Dosing & Uses
Dosage Forms & Strengths
Chronic Idiopathic Constipation
24 mcg PO q12hr
Irritable Bowel Syndrome With Constipation
Treatment in women ≥18 years
8 mcg PO q12hr
Treatment in patients with chronic noncancer pain
24 mcg PO q12hr
Effectiveness in patients taking diphenylheptane opioids (eg, methadone) has not been established
- Mild: Dose adjustment not necessary
- Moderate (Child-Pugh B): Chronic idiopathic or opioid-induced constipation, 16 mcg PO q12hr; irritable bowel syndrome with constipation (IBS-C), no dosage adjustment required
- Severe (Child-Pugh C): Chronic idiopathic or opioid-induced constipation, 8 mcg PO q12hr; IBS-C, 8 mcg PO q24hr
- If starting dose is tolerated and adequate response has not been obtained after appropriate interval, dose can be escalated to full standard dose with appropriate monitoring of patient response
Administer with food and water
Safety and efficacy not established
Chest discomfort (2%)
Peripheral edema (1-3%)
Abdominal distress (3%)
Abdominal pain (4-8%)
Loose stools (3%)
Increased heart rate
Muscle cramps or spasms
Frequent bowel movement
Loss of consciousness
Mechanical GI obstruction
Potential for mechanical GI obstruction
Potential for acute dyspnea; instruct patients to contact healthcare provider if dyspnea occurs
Avoid in severe diarrhea
May cause nausea and diarrhea (taking with food reduces chance of nausea); dose adjustment recommended
Patients with moderate-to-severe hepatic impairment (Child-Pugh class b or C) have higher systemic drug exposure
Syncope and hypotension reported, some of which required hospitalization; most cases occurred in patients taking 24 mcg twice daily and some occurred within hour after taking first dose or subsequent doses; patients should be aware of risk of syncope and hypotension during treatment and other adverse reactions, such as diarrhea or vomiting may increase this risk
Pregnancy & Lactation
Pregnancy category: C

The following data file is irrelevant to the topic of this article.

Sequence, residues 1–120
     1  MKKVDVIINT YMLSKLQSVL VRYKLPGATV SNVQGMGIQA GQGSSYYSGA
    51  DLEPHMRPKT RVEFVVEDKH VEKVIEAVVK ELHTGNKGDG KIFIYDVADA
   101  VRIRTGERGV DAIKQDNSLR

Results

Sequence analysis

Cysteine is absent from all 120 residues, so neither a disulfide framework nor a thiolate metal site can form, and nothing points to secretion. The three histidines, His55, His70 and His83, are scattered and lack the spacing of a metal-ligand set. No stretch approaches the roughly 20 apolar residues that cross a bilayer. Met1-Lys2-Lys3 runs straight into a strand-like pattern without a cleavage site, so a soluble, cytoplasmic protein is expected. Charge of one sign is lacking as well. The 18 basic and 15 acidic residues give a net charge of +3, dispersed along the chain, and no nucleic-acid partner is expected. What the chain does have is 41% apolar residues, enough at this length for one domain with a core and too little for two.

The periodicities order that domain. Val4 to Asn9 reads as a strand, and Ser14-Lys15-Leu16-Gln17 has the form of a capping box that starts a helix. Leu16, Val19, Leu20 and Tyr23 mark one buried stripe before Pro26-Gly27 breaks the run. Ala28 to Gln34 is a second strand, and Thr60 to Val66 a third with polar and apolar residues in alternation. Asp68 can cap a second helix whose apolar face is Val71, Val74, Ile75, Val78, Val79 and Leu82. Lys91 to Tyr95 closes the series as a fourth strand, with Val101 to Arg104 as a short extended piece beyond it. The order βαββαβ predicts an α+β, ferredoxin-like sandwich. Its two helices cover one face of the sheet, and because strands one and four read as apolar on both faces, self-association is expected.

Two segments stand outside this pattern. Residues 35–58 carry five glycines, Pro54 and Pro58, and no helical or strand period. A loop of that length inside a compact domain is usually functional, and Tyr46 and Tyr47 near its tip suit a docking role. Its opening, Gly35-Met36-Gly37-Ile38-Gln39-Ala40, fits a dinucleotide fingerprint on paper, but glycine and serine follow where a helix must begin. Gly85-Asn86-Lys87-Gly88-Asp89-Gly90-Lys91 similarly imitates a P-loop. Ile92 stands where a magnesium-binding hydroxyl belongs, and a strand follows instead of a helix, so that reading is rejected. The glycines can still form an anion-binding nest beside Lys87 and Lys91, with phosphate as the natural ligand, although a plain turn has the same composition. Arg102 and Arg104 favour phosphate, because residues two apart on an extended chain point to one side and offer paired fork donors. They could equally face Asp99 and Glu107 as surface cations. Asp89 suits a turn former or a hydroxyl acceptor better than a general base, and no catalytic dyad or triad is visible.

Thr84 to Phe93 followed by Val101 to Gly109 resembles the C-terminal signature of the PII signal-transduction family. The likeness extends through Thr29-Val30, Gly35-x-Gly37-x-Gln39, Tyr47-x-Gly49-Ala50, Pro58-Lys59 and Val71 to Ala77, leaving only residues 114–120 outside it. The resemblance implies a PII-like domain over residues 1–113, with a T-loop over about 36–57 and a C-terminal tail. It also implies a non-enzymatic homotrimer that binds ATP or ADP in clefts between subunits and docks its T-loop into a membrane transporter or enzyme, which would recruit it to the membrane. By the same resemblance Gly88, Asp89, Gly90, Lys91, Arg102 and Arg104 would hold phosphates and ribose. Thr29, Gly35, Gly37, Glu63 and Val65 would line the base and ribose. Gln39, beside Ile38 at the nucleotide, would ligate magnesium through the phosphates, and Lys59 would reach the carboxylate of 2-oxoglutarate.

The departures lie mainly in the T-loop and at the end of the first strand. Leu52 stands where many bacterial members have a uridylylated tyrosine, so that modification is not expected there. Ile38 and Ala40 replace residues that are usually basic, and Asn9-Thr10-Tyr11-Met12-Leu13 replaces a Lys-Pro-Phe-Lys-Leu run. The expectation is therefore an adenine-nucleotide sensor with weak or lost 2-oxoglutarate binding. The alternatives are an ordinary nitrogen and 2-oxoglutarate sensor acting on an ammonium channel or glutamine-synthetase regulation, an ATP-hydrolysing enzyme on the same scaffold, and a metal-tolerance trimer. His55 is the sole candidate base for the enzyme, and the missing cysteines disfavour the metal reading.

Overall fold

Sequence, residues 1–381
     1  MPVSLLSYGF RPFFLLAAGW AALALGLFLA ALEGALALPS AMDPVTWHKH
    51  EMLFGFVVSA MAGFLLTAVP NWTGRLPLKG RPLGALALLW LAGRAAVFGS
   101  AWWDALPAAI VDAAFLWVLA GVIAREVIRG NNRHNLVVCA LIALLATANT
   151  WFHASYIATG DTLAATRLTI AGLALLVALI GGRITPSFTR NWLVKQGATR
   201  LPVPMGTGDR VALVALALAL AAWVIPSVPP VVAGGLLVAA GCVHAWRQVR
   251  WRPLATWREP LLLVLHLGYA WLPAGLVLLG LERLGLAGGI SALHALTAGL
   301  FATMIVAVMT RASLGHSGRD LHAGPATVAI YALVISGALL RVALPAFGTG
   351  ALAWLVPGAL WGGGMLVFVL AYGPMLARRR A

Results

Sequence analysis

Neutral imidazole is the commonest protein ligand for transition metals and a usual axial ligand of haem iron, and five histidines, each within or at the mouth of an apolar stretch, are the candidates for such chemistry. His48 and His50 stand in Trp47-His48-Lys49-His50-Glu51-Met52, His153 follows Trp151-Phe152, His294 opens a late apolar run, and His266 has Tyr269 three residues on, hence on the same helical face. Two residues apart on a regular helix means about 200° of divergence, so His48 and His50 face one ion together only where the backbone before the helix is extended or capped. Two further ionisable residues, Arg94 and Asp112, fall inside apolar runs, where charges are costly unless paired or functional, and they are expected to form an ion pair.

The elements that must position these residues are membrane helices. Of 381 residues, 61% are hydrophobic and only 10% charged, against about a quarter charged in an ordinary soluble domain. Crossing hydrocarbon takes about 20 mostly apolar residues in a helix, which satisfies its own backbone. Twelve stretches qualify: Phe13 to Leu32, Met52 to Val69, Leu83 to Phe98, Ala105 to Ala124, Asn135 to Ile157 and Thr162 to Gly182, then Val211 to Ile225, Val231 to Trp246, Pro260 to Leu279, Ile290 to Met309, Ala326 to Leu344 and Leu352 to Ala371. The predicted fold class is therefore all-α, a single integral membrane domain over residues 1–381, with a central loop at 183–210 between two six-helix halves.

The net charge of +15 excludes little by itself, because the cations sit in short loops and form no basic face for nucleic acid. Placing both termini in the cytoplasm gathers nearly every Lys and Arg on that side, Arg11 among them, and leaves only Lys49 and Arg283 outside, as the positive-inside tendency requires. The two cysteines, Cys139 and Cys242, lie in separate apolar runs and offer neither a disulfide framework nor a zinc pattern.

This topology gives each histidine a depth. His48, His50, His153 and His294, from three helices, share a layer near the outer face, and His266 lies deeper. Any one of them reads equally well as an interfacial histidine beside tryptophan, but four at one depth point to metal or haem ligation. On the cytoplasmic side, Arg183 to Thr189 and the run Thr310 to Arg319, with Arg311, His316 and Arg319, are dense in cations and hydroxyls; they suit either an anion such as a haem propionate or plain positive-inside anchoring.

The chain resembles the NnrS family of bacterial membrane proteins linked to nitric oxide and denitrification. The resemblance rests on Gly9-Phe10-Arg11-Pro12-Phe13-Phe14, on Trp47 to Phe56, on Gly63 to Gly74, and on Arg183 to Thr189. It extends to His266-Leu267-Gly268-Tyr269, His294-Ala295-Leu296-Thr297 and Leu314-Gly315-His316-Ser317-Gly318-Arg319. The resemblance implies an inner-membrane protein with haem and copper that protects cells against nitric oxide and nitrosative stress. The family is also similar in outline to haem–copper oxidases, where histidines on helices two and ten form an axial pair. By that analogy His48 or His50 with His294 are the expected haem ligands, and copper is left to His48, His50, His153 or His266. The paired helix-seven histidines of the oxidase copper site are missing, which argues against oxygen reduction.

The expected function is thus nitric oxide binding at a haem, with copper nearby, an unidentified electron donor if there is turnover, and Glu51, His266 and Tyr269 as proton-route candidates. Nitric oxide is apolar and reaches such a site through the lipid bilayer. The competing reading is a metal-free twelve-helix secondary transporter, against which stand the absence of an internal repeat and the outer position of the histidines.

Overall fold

Lactation: Unknown whether drug is excreted in breast milk; because lubiprostone increases fluid secretion in the intestine and intestinal motility, monitor breastfeeding infants for diarrhea
A:Generally acceptable. Controlled studies in pregnant women show no evidence of fetal risk.
B:May be acceptable. Either animal studies show no risk but human studies not available or animal studies showed minor risks and human studies done and showed no risk.
C:Use with caution if benefits outweigh risks. Animal studies show risk and human studies not available or neither animal nor human studies done.
D:Use in LIFE-THREATENING emergencies when no safer drug available. Positive evidence of human fetal risk.
X:Do not use in pregnancy. Risks involved outweigh potential benefits. Safer alternatives exist.
NA:Information not available.
Mechanism of Action
Locally acting chloride channel activator; increases intestinal fluid secretion and intestinal motility; acts locally at apical portion of intestine
Low systemic absorption
Peak plasma time: 1 hr
Protein binding: 94% in vitro (may be irrelevant because of low systemic absorption)
Probably metabolized in stomach and jejunum by carbonyl anhydrase
Half-life: 0.9-1.4 hr
Excretion: Urine (60%), feces (trace amounts)
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|1||This drug is available at the lowest co-pay. Most commonly, these are generic drugs.|
|2||This drug is available at a middle level co-pay. Most commonly, these are "preferred" (on formulary) brand drugs.|
|3||This drug is available at a higher level co-pay. Most commonly, these are "non-preferred" brand drugs.|
|4||This drug is available at a higher level co-pay. Most commonly, these are "non-preferred" brand drugs or specialty prescription products.|
|5||This drug is available at a higher level co-pay. Most commonly, these are "non-preferred" brand drugs or specialty prescription products.|
|6||This drug is available at a higher level co-pay. Most commonly, these are "non-preferred" brand drugs or specialty prescription products.|
|NC||NOT COVERED – Drugs that are not covered by the plan.|
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